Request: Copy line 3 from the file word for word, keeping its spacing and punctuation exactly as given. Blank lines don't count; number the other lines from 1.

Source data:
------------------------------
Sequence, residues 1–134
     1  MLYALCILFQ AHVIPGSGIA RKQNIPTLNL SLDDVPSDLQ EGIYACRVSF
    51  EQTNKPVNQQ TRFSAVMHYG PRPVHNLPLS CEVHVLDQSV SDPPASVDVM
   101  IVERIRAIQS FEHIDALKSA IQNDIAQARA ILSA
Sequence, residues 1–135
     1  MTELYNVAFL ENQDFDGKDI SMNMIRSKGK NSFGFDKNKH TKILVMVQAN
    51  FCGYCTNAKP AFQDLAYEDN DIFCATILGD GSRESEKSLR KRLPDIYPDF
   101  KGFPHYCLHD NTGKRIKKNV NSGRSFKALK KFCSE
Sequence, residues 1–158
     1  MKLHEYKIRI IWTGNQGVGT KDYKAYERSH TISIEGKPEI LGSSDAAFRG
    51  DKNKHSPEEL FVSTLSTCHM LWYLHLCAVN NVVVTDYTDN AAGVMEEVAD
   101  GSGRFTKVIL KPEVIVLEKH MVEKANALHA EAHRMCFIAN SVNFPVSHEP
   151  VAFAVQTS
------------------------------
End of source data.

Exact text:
    51  EQTNKPVNQQ TRFSAVMHYG PRPVHNLPLS CEVHVLDQSV SDPPASVDVM